DW: Hmm. An idea that comes to mind – but I don't know if I like it – is every time you come back, the room is different? Kind of like in Achievement Unlocked. I feel like it's already been done, but I want some way to acknowledge the absurdity. Maybe if you came across a smaller model of this level and saw it all going on, but from a distance?

RY: Hmm.

DW: Whether you want the responsibility or not, you're going to be the one who has to live with whether this is a random mish-mash. Someone's going to play it and ask you why –

RY: Why I didn't impose order?

DW: Or why you didn't take these ideas and make them fit together. Ultimately, this is going to be a reflection on you.

RY: Oh, I'm not going to let this trainwreck be a reflection on me. I will definitely pin it on everyone.

DW: But whether or not the player thinks of you...

RY: … Yeah, it won't matter. It'll be their same mental construct of an “author.”

DW: So, how can we make it feel intentional, like it's saying something -- not that it has to be “meaningful.”

RY: I do agree that unless we prompt them, no one will deconstruct the levels the way we're doing it right now. I don't think that comes across at all. The Stanley Parable has a narrator who literally deconstructs and explains it for you – and without the narrator, it's nothing.

DW: Yeah.

RY: So we should have a narrator?

DW: No, but maybe we should insert these conversations into the game. Like, you go through every room and then you get to this point in the level and you hear us going, “well Robert, we're going to have to make this cohesive.”

RY: So your addition is to have... every time you loop back, the new iteration of the room appears, and you hear audio extracts from the interviews.

DW: What do you think of that? I think my biggest problem is that it's too much like The Stanley Parable.

RY: I think that's okay. It'll work. Part of my intention behind this series is that we'd talk about process and design philosophy, and then the person's contribution would manifest that philosophy.

DW: Then I think my suggestion very much fits with the self-referential work I do, but what it's not consistent with is me pushing myself to do new things, like something I came up with, in just the first 20-30 minutes. Like, I should leave and go out drinking and suddenly come up with some other new idea.

RY: You want to consciously avoid doing that because your idea is about not.. taking the ideas in your head.

DW: If it comes too easily, I don't want to put it in my game.

RY: Doesn't that go against what you were saying earlier? “If it feels natural, just do it.”

DW: It's more about me airing my brain out and doing other things, and letting the answers come to me over time. It's natural, but not all at once.

RY: I get that. My best ideas come to me in the shower.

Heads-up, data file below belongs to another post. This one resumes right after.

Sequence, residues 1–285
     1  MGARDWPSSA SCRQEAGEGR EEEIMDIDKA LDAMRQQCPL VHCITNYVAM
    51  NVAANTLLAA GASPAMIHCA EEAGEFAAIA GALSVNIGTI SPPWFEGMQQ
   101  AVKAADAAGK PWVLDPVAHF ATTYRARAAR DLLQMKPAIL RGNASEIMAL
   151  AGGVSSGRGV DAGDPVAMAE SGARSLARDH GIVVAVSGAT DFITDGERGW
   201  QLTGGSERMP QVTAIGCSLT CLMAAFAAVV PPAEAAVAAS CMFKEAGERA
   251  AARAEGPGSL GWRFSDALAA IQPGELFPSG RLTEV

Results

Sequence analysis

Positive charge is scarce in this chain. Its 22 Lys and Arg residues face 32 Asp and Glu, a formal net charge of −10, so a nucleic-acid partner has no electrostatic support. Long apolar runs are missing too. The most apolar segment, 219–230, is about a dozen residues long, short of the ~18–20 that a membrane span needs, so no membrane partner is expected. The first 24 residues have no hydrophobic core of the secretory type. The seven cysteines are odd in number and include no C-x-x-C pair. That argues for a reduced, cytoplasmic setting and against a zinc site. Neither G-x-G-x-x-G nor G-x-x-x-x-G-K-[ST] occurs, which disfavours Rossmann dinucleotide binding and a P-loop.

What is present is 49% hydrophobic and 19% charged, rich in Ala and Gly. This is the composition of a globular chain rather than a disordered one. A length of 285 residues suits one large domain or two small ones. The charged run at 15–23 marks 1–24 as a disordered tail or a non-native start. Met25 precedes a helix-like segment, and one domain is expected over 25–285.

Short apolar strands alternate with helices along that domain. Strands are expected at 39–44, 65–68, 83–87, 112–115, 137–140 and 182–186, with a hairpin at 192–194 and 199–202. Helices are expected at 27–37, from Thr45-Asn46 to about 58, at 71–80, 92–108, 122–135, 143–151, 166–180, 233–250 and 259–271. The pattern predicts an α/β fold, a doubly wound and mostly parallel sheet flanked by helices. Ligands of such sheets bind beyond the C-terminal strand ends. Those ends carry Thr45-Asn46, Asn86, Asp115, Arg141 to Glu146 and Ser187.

DW: It's weird. I want to think about it and come back to this in a week, but I don't think that is what this project is.

RY: How do you feel about us spoiling the level as we talk here in these interviews? It wouldn't work either way, playing the map without any context or playing the map with everything spoiled.

DW: Maybe have instructions at the top of the article, that explain the concept and let the readers choose whether to play the map first or not.

RY: “Go left or go right.” So a disclaimer? Hmm. [NOTE: Clearly, I didn't end up doing that.]

DW: I'm just presenting you with ideas, and ultimately you're the author because this isn't my work. In a moral sense, you're going to have to claim authorship over this.

RY: My claim of authorship is to rescind my authorship.

DW: [laughs] So you're going to send this to Rock Paper Shotgun, and say how you started to do all this but then didn't want to deal with it, and so submitted nothing. Now “you're an artist,” once you renounce the world, abandon your medium and exile yourself. Sorry to break it to you.

RY: That'll be a nice way to end this interview.

DW: I think you have a very potent slice of my brain here.

RY: Potent in its poisonous qualities.

DW: And I still think this level will reflect more on you and what you chose to do.

RY: That's like curation. I don't want to curate. I hate curation.

DW: No! You're curating this! You don't get to send out an e-mail, saying, “hey guys, I want to do a write-up and stuff,” and not be a curator.

RY: There's the idea that curation can also be transparent and let work speak for itself.

DW: I, personally, would be interested in hearing your process about this.

RY: Oh god. I can't interview myself.

DW: Maybe not, but I still think your role as curator is inescapable.

RY: Fine, I'll think about it in the shower. Thanks for your time.

(Transcript edited for clarity and length.)
(Looking for the Portal 2 map? Sorry, you'll have to wait until Part 7.)

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Robert Yang avatar

Robert Yang


Robert Yang is an artist, writer and game developer, and makes surprisingly popular games about gay culture, such as The Tearoom, Rinse And Repeat and Radiator 2. Previously, he taught at NYU Game Center.